Applications are due April 14, 2017. For more information regarding the nursing scholarship contact the Pike County Health Department, Home Health & Hospice at (573) 324-2111.
Please take a moment to participate in this brief community mental health survey!
Pike County Health Department, Home Health & Hospice, in coordination with Pike County Behavioral Health Services and the Healthy Minds, Healthy Lives Coalition of Pike County, values your input as we work to improve health outcomes in our county.
Your opinion will help us build awareness of mental health and substance abuse issues and increase access to services so that you and your family, co-workers, neighbors, congregants and friends live healthy and fulfilling lives. Your input counts and is 100% anonymous. Please take a few moments and follow the link to complete a community survey on mental health and substance use in our county.
Thank you for your participation! Your contribution and insights are invaluable to the understanding and knowledge of the mental health needs within our community
Join us in the Missouri Breastfeeding Friendly Work-site Program
December 29, 2016....The Missouri Breastfeeding Friendly Worksite Program is offering a grant to businesses that want to make their building breastfeeding friendly. Breastfeeding is the optimal way to feed a baby. There are numerous health benefits for both the child and the mother. Most mothers begin breastfeeding their baby, but the returning to work is often a challenge and may cause breastfeeding to end. It is important that the businesses in our community support these mothers.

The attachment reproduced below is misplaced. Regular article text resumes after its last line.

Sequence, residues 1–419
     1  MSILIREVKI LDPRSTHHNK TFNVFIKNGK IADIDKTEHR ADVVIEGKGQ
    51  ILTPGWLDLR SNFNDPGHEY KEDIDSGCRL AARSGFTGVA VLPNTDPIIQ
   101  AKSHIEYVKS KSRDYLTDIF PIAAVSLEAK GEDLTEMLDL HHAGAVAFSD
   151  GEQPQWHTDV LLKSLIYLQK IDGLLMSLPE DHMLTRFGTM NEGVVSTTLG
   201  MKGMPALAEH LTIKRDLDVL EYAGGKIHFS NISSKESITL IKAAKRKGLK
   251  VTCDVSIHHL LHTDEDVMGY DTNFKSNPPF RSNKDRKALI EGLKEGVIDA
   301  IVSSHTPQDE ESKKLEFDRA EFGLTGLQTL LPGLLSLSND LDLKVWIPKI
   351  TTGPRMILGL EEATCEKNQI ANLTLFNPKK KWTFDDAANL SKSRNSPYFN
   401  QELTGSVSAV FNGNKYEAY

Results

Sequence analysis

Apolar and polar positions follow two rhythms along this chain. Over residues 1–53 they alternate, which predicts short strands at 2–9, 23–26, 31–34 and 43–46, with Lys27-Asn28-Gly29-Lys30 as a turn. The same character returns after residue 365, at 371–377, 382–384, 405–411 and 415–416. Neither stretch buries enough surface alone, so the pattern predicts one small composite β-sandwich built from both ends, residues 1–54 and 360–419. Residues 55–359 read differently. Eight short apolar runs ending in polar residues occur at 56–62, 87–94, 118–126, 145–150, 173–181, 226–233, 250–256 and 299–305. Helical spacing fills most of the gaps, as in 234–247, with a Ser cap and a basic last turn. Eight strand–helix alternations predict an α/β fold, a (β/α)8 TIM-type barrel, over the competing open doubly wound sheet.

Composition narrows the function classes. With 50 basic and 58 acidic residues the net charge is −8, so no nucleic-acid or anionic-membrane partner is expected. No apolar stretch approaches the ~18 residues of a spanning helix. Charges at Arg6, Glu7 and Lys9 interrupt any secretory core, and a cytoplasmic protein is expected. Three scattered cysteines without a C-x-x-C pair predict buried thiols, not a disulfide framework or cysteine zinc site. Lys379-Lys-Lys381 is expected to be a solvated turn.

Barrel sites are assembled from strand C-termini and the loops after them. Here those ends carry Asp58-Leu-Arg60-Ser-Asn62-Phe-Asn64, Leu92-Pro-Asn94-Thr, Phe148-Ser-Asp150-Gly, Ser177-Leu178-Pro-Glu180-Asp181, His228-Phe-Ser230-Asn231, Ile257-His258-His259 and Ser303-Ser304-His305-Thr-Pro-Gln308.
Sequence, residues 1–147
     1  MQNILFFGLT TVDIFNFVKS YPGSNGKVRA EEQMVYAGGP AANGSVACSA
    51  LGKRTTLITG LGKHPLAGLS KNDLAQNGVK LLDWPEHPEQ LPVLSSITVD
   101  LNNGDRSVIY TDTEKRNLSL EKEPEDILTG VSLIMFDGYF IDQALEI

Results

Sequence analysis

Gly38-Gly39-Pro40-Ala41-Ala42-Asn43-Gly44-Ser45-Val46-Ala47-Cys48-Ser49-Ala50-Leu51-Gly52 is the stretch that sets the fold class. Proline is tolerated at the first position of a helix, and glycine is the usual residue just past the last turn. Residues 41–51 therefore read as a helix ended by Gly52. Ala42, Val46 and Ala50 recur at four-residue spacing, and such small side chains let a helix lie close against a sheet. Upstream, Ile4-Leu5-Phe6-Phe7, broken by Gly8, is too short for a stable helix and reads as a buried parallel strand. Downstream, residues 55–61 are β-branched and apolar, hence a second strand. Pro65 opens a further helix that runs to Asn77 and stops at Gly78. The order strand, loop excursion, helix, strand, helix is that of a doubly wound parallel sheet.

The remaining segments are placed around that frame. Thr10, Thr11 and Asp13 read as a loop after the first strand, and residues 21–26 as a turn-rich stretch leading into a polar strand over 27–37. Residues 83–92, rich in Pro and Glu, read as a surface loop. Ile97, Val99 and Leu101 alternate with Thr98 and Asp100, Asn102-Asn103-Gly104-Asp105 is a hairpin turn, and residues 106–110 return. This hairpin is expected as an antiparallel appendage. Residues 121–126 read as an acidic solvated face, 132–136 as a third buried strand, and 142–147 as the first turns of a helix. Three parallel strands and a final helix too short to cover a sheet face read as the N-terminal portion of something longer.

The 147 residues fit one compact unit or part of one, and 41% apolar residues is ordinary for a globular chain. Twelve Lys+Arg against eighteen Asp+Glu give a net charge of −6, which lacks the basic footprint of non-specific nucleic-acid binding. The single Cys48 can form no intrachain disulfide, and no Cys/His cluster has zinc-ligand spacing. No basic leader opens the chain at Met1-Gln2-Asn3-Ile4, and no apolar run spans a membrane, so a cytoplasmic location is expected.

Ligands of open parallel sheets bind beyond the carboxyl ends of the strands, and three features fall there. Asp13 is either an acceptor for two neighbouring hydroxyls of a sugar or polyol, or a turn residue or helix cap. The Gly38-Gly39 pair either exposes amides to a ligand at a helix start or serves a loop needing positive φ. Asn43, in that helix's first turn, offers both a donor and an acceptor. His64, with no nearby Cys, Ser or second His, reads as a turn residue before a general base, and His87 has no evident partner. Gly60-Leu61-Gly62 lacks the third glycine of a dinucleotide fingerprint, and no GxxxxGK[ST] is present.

Women who wish to continue to breastfeed after returning to work have few and simple needs. The Missouri Breastfeeding Friendly Worksite Program is a state-wide initiative to increase the number of businesses that provide their employees with breastfeeding support services. The Missouri Department of Health and Senior Services (DHSS) is offering up to $500 to Missouri employers interested in creating or improving lactation support policies and programs at their worksite. This program is part of a nation-wide campaign by the U.S. Department of Health and Human Services to encourage women to breastfeed their infants for a longer duration after they return to work.
To be eligible to receive a mini-grant, the business must create and provide a written breastfeeding support policy before funding is reimbursed. Leah Diffey at The Pike County Health Department can help with this simple process.
Breastfeeding Newsletter - "Breastfeeding Through The Night"
By Leah Diffey, Breastfeeding Peer Counselor
“How is your baby sleeping?”
“Does he sleep through the night yet?”
“Have you thought about giving him cereal so he will sleep through the night?”
“Aren’t you going to train her to sleep so you can get your rest?”
Many new mothers hear questions like these in the first year of their baby’s life. These questions imply that an infant should sleep through the night as soon as possible which may cause a mom to second guess her baby’s frequent waking, but the research shows that it is normal and healthy for babies to wake throughout the night. This helps with development, bonding, and milk supply. The good news for breastfeeding moms is that they get better sleep than those who supplement. Responding to a baby’s natural night waking with breastfeeding produces a happy and healthy mom and baby!
Read past issues of the Breastfeeding Newsletter